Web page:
Minimalism is powerful

I’m not going to talk forever about minimalism itself, since that has been done very well in other places, but I believe it’s been one of the most powerful forces in my life. I’d  put it right up there on my all-time list of incredibly powerful agents of change.

Some extremely powerful ways to change your life:

  • Regular exercise
  • Meditation / mindfulness practice
  • Healthier eating
  • Managing your finances
  • Experiences with psychedelics 
  • Yoga
  • Travel

… and minimalism. I honestly think it makes the cut, even in such formidable company.

But what really surprised me is all of the other areas I’ve found it turning up in my life, and how it continues to help me work towards owning myself a bit more each day. To move towards a state of being content, independent, and free of worry.

I find it pushing me away from the desire to own more shit each day. Whether it’s more stuff, more responsibilities, or more obligations on my calendar. 

Owning yourself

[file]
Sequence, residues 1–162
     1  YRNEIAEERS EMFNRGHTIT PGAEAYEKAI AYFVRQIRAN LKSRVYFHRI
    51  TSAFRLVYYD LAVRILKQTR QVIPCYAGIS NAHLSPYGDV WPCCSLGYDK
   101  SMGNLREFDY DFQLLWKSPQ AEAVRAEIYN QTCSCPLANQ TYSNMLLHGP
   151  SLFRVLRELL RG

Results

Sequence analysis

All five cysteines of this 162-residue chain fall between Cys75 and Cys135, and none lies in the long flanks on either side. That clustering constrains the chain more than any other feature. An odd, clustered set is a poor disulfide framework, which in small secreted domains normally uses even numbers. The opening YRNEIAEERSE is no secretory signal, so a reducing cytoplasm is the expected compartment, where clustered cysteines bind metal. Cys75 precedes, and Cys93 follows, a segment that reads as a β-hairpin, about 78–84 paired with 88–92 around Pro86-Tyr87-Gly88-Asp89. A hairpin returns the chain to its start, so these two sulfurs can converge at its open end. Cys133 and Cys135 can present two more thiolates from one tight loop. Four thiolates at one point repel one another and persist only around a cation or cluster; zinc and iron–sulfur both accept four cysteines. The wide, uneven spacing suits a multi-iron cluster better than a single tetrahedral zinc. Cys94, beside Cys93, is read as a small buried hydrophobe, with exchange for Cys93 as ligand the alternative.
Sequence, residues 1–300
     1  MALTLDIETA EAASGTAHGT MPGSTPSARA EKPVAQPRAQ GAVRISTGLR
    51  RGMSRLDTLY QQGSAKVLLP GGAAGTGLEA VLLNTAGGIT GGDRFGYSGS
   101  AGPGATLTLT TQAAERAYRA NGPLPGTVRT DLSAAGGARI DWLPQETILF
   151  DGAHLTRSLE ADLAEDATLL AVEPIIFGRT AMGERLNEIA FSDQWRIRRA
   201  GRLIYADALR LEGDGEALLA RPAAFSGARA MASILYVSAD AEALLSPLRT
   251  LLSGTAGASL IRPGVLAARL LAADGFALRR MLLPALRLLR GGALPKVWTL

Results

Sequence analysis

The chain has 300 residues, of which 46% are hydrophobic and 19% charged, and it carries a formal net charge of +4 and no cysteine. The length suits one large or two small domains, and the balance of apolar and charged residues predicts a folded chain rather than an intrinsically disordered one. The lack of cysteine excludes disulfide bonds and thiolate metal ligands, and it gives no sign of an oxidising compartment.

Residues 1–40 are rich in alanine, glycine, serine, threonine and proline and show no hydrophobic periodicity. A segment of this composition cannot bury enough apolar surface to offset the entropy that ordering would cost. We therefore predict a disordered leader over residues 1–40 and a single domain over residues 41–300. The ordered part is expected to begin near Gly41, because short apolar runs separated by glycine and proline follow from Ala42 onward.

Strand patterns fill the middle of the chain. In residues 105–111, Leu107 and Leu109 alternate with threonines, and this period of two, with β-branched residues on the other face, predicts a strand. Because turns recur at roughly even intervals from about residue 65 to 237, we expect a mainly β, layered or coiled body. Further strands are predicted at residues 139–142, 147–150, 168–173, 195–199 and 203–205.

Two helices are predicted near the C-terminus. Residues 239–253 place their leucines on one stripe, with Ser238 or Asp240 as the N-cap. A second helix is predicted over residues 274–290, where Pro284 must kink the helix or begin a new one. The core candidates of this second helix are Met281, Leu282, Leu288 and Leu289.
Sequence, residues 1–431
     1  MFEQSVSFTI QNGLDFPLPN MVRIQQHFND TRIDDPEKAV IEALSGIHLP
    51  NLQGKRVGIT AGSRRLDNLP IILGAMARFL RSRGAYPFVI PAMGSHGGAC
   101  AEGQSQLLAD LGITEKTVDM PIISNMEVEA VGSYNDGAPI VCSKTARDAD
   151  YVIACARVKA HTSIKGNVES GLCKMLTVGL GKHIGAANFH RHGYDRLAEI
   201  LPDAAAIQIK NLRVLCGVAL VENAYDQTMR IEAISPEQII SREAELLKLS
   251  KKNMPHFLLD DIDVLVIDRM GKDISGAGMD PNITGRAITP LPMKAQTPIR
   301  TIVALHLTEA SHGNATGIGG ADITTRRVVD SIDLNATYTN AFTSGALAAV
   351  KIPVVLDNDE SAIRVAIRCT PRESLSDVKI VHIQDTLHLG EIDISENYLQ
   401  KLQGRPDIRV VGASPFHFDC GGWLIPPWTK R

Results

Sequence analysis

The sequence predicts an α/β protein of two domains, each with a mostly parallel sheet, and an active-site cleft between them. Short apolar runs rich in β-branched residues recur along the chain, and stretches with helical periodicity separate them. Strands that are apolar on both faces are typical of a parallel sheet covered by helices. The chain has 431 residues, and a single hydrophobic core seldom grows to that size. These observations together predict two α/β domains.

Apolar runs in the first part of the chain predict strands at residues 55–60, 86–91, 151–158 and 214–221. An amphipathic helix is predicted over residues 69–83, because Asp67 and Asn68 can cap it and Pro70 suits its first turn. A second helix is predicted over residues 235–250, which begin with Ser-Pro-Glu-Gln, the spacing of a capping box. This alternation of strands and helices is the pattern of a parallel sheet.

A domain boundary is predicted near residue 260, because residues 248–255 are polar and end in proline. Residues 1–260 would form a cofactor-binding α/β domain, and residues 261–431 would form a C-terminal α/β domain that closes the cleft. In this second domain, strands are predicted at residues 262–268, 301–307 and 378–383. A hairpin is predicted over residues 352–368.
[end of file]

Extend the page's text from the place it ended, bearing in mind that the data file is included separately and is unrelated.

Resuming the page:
We know what owning stuff generally looks like. Perhaps it begins with an apartment that fills up with possessions – eventually leading to a larger house… That also eventually fills with things. And perhaps someday down the road an even larger house. And a garage. And a storage unit or two.

All filled with stuff.

The American Dream.

But at some point it starts getting a bit questionable about who actually owns who. Maybe it’s actually the stuff that owns us.

Nice cars are a good example. If someone is making payments on a car they quite literally don’t own it. It even forces them to keep their job so they can continue to make payments on it. It’s more accurate to say that this person is owned by their car.

And there are more subtle versions, even once the vehicle is paid off. There’s a good chance that once it’s paid for they will still be afraid to park it near other cars, to take long road trips with it, or to toss their dirty shoes in the back.

They are still owned by that car.

** This doesn’t necessarily apply to people who love cars as a passion or hobby – who actually enjoy spending 8hrs each Saturday cleaning it. **